The dietdoctor has a note about the fact that LCHF is not newly invented diet.
Instead did a doctor already in 1797 report successful treatment of patient with changing the diet to low carb and high fat.
The article Diabetes Detectives is definitely advisable to read. As it gives an insight of early medicine studies, and what have been known about diabetes over time.
Dr. John Rollo, a surgeon in the British Royal Artillery. With Dr. William Cruickshank—an artillery surgeon, chemist, and apothecary—Rollo undertook a longitudinal study of one Captain Meredith, who weighed 232 pounds and suffered from intense polyuria and dehydration. While adjusting Captain Meredith’s diet, the two doctors recorded the quantity and nature of the sugar in his urine and blood, relying in part on taste and in part on the degree of effervescence caused by the addition of yeast to his urine. Rollo showed that a diet rich in protein and fat (largely from animal sources) and low in carbohydrates—together with the administration of several medications, which are noted below—resulted in a substantial weight loss, the elimination of Meredith’s symptoms, and the reversal of both his glycosuria and hyperglycemia.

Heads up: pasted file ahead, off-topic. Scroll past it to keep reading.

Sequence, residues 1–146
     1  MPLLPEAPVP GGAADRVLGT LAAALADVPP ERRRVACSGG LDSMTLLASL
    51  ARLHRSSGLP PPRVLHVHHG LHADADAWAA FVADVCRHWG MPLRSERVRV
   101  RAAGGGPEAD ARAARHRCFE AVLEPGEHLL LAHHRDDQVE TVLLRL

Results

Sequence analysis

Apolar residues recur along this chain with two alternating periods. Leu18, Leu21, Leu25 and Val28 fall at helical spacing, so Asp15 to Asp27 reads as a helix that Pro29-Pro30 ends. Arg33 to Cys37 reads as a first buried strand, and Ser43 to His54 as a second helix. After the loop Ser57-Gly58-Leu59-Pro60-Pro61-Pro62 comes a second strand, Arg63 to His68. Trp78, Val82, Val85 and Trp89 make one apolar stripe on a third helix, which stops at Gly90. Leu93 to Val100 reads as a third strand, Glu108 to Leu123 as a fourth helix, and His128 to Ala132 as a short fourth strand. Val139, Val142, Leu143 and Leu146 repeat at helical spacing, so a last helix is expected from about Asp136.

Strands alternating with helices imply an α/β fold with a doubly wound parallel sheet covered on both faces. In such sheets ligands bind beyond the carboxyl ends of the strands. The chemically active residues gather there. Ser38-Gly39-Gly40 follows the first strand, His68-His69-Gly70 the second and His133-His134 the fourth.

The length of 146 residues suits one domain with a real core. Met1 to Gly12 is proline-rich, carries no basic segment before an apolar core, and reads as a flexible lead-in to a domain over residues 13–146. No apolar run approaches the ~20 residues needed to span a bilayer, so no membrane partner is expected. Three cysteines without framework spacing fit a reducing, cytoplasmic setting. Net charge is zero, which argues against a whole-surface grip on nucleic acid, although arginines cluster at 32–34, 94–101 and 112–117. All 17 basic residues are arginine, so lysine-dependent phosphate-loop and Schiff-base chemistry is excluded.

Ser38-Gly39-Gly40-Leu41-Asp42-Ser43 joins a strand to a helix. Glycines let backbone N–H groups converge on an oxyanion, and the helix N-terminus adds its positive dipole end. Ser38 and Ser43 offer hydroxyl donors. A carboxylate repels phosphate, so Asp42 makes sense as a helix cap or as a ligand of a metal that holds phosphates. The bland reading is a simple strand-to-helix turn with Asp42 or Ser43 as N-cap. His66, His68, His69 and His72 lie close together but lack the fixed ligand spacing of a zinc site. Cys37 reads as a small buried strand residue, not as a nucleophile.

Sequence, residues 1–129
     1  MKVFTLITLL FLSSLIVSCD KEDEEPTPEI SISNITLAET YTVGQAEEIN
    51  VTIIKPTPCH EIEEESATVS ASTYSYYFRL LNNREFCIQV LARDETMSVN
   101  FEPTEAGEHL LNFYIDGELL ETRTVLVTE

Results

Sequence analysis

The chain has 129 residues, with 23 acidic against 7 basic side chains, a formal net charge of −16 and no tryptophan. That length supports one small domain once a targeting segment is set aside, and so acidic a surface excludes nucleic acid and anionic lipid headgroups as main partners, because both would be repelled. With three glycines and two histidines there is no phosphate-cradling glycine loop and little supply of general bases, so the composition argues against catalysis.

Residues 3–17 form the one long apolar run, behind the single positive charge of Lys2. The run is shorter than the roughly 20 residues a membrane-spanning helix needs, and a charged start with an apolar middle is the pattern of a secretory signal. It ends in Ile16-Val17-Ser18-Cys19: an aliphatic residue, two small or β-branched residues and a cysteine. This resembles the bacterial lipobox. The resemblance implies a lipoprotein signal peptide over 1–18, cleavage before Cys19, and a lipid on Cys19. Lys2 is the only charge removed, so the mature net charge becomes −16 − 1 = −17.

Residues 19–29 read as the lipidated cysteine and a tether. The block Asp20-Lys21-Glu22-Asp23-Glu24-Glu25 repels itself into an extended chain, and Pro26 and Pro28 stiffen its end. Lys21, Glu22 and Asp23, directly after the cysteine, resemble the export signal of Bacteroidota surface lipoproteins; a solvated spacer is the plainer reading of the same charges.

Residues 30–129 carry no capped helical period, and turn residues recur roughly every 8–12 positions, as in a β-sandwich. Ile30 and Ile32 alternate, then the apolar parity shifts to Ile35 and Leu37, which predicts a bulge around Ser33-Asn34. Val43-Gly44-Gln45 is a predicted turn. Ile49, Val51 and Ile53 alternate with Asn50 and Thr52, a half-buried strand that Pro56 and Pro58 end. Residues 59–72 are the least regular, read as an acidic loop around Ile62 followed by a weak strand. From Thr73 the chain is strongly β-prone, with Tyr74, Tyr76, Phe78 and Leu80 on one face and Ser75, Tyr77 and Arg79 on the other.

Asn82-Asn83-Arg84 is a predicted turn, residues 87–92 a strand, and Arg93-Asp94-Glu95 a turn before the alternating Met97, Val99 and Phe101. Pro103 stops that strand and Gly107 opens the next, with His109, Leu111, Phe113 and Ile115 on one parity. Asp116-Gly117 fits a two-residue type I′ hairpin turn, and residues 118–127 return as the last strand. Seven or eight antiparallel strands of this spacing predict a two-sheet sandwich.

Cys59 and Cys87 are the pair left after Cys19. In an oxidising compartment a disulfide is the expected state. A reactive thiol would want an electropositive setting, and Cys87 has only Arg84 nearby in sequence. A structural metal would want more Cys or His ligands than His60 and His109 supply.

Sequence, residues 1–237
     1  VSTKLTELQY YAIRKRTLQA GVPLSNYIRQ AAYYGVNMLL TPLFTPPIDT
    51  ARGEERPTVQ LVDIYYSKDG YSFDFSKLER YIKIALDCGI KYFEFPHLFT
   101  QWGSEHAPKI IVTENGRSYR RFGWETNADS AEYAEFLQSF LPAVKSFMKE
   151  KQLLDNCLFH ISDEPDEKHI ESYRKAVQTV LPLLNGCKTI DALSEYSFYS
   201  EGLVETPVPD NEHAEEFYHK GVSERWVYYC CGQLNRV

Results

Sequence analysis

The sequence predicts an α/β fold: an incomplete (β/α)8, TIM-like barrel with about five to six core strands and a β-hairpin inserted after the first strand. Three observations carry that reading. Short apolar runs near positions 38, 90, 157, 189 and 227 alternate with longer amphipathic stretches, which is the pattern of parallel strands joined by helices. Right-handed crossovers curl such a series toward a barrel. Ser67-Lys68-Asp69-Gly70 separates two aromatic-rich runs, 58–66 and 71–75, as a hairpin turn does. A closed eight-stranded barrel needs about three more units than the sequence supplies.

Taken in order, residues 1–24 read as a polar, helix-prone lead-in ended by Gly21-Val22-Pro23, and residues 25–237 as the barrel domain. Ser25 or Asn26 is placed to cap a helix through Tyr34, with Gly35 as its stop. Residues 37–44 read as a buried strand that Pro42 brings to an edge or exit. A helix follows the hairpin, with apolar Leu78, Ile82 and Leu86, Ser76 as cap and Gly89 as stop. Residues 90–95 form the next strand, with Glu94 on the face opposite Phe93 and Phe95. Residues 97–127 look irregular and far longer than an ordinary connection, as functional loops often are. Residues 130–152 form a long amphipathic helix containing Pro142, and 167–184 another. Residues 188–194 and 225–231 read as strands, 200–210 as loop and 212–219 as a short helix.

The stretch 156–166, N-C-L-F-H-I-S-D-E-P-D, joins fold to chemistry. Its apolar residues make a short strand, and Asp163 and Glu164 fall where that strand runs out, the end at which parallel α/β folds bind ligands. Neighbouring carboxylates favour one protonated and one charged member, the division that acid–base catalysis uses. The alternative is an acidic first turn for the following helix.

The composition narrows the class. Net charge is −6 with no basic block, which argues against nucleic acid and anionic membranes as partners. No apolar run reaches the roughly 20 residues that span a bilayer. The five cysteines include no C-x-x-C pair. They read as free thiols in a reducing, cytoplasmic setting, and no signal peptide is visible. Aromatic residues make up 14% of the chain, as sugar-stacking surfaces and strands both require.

I think I got 2 things out of the article
- That diabetes though known, was very rare up to beginning of 20th century. So rare that the students did not even have any patients to study. Still they wrote thesis about it.
- Another thing is how problematic it must have been to be medic at those days when so little was known about the inner working of the body.
So what have changed with our diet during last 30-40 years or so? As the medical student now have an abundant of patients to study. But they do not have to taste the urine to make a diagnose anymore.
A time where we gone from having fat in our food, to sugar. Well hello, we even call it the sugar sickness in Swedish.
Following image is taken from Lunds University (a prediction for 2025)